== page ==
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Spring 2000

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For high-profile nurse, patient care comes first

by Karen Hammond

Bailey Staub Johnson ’73 tackles the hands-on, and high-tech, work of helping patients in intensive care.

     T wenty-seven years ago, Bailey Staub Johnson ’73 listened as a Skidmore nursing professor promised, “Skidmore builds leaders. You can all go on to be leaders in your profession.” For Johnson it was a typical rallying call for graduating seniors, but not one she took to heart. “I was at that time of life when the hormones were racing, I wanted school to end, and I wanted to get on with life,” she admits. One of only two nursing majors in her class who did not immediately go on for a master’s degree, Johnson says, “I just wanted to get into the real world of nursing as soon as possible.”

     Shortly after graduation, Johnson began her career as a staff nurse, first at a small regional hospital in Houlton, Maine, and later at the Eastern Maine Medical Center in Bangor. Working with the hospital’s most seriously ill patients, she found her calling as a critical-care nurse.

     Today she is charge nurse in the six-bed intensive care unit at Maine Coast Memorial Hospital in Ellsworth. Using state-of-the art technology, she oversees victims of heart attacks, strokes, and respiratory distress, monitors patients on ventilators, and, especially during the busy Maine tourist season, cares for victims of serious automobile or sports accidents. Dedicated to her many coronary patients even after they leave intensive care, she helped lead an effort to establish a cardiac rehabilitation unit in the hospital in 1998. A huge success, the busy unit now helps patients recover from heart attacks, and prevent future cardiac trouble, through personalized programs of diet, exercise, and stress management.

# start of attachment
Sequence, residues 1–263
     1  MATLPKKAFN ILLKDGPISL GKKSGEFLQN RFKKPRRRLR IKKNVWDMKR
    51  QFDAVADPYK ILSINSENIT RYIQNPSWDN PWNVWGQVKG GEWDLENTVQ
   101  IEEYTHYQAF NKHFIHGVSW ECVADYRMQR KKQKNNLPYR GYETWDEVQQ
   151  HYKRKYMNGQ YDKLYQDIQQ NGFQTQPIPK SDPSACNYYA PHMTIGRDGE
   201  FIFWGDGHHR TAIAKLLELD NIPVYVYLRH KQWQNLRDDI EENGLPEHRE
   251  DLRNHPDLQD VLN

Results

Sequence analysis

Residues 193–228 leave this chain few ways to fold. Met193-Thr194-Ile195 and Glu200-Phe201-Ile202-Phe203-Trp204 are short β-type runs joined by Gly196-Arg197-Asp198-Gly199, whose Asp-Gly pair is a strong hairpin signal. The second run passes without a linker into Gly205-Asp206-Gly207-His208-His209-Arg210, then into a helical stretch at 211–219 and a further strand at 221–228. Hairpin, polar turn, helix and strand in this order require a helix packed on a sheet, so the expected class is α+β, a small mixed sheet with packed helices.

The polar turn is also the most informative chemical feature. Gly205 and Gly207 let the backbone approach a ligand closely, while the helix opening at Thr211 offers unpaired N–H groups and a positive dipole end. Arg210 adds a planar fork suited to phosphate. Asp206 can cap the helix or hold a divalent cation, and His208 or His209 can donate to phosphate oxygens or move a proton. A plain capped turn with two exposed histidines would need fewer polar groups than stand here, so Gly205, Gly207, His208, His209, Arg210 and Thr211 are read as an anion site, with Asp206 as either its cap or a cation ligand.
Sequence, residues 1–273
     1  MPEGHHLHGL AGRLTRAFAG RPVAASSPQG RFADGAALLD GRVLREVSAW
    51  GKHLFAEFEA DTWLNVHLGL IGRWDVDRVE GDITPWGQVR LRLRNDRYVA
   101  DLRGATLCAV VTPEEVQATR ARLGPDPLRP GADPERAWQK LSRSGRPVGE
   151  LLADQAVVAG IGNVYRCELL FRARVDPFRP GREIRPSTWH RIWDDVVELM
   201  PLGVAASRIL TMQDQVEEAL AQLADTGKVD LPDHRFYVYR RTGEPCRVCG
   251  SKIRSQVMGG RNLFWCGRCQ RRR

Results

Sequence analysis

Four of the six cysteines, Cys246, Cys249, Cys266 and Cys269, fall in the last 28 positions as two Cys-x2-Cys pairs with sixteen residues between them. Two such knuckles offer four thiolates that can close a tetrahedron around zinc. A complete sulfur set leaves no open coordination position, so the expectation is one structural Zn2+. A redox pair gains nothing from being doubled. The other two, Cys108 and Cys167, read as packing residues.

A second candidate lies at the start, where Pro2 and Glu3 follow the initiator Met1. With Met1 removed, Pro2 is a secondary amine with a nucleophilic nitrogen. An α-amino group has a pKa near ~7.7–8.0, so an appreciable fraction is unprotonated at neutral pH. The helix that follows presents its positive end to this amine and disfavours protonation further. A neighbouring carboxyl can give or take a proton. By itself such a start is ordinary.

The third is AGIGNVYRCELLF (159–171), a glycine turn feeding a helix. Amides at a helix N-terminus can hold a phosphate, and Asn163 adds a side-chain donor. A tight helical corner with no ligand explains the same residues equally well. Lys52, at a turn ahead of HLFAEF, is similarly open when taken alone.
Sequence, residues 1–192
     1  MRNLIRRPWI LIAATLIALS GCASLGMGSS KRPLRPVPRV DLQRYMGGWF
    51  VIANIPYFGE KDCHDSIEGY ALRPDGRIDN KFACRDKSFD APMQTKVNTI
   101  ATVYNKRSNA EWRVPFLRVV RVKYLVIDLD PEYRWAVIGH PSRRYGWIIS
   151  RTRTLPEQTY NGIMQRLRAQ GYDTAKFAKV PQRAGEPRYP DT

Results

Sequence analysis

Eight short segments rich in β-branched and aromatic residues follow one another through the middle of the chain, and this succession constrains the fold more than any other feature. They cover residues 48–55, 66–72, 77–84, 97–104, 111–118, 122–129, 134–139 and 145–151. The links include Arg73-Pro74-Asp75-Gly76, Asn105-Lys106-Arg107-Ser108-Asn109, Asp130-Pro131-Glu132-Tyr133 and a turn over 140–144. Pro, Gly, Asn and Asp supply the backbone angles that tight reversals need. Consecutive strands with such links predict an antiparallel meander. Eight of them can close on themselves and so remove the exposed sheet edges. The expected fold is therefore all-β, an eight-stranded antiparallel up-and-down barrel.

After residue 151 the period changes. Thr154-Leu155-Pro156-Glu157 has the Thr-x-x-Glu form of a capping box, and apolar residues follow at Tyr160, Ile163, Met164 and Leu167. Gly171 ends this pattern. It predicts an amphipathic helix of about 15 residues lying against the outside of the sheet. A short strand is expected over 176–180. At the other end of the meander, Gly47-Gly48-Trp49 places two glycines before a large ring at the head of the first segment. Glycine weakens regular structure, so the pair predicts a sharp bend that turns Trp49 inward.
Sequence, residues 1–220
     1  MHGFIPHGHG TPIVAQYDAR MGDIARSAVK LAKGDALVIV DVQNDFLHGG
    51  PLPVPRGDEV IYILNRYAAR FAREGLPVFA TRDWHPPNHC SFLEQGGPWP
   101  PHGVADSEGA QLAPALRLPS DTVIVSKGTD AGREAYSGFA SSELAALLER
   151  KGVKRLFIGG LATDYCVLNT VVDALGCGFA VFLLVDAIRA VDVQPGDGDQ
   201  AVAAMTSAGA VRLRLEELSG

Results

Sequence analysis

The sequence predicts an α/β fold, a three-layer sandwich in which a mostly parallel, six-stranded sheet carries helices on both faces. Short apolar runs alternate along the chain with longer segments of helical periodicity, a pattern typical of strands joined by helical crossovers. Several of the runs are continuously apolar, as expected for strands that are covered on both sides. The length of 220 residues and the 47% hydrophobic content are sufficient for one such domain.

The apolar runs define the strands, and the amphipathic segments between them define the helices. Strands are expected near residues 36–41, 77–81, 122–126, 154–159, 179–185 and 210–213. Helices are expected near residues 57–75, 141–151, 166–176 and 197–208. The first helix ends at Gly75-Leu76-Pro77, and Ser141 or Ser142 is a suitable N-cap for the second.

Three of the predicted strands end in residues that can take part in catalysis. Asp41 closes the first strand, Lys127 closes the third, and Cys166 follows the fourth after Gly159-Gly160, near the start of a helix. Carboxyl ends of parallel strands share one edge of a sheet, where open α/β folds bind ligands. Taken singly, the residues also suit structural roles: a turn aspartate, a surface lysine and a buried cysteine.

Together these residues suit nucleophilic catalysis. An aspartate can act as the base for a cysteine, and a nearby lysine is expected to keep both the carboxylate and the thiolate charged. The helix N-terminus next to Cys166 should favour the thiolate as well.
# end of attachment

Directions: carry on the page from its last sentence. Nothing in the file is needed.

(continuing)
This is exactly the way Johnson expected to spend her professional life. “I’m happiest being close to the patients,” she says simply.

     But Johnson’s career has also taken a turn she never envisioned as a college senior. She has become one of the highest-profile nurses in the state: the president of the Maine State Nurses Association (MSNA), she speaks at nursing conferences and conventions and writes about legislative developments and nursing trends for MSNA’s official publication, The Maine Nurse. “It’s always a bit of a jolt when I’m introduced as ‘one of Maine’s nursing leaders,’ ” she admits. “I still sometimes wonder if they can be talking about me.”

     The woman whose greatest professional satisfaction comes from hands-on care now also heads an activist group that researches and publicizes health-care issues and educates consumers on such controversial topics as managed care, assisted suicide, and end-of-life issues. Currently MSNA is encouraging Maine’s U.S. senators Olympia Snowe and Susan Collins and representatives John Baldacci and Tom Allen to support a Patient Bill of Rights to alert consumers about issues that affect all hospital patients, including insurance coverage, early discharge, and patient safety. An affiliate of the national American Nurses Association, MSNA also mobilizes nurses when federal budget cuts threaten nursing education, and it’s at the forefront of promoting advanced-practice nursing—especially important in Maine, where nurses serve as primary caregivers in many rural parts of the state.

     Being in the unusual position of heading a growing 1,600-member organization while still working on the front lines of health-care delivery gives Johnson a broad perspective. For example, she asserts, “Hospitals must be fiscally responsible. We all know that. But this can’t take place at the expense of the patient. Insurance companies should not be dictating patient care. Only the physician should be making those decisions.”